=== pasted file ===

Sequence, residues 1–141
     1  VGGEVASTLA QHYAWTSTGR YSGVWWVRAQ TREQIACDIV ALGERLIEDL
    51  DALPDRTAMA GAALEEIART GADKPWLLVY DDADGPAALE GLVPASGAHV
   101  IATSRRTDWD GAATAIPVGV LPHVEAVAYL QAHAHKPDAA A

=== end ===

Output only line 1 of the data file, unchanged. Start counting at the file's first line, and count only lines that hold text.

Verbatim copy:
Sequence, residues 1–141